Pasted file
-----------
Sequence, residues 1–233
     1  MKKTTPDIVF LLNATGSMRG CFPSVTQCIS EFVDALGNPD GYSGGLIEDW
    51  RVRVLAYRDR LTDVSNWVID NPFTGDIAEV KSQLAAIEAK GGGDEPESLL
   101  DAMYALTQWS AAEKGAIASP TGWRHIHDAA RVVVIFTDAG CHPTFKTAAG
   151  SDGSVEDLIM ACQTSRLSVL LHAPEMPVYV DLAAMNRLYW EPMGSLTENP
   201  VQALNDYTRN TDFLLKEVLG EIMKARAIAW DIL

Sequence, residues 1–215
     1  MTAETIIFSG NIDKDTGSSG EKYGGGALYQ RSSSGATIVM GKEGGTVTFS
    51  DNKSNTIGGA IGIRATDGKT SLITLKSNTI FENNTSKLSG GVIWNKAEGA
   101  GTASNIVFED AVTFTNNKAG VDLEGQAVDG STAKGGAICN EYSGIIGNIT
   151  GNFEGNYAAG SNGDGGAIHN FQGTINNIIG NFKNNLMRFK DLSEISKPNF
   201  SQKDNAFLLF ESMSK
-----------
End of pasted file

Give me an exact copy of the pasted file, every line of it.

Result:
Sequence, residues 1–233
     1  MKKTTPDIVF LLNATGSMRG CFPSVTQCIS EFVDALGNPD GYSGGLIEDW
    51  RVRVLAYRDR LTDVSNWVID NPFTGDIAEV KSQLAAIEAK GGGDEPESLL
   101  DAMYALTQWS AAEKGAIASP TGWRHIHDAA RVVVIFTDAG CHPTFKTAAG
   151  SDGSVEDLIM ACQTSRLSVL LHAPEMPVYV DLAAMNRLYW EPMGSLTENP
   201  VQALNDYTRN TDFLLKEVLG EIMKARAIAW DIL

Sequence, residues 1–215
     1  MTAETIIFSG NIDKDTGSSG EKYGGGALYQ RSSSGATIVM GKEGGTVTFS
    51  DNKSNTIGGA IGIRATDGKT SLITLKSNTI FENNTSKLSG GVIWNKAEGA
   101  GTASNIVFED AVTFTNNKAG VDLEGQAVDG STAKGGAICN EYSGIIGNIT
   151  GNFEGNYAAG SNGDGGAIHN FQGTINNIIG NFKNNLMRFK DLSEISKPNF
   201  SQKDNAFLLF ESMSK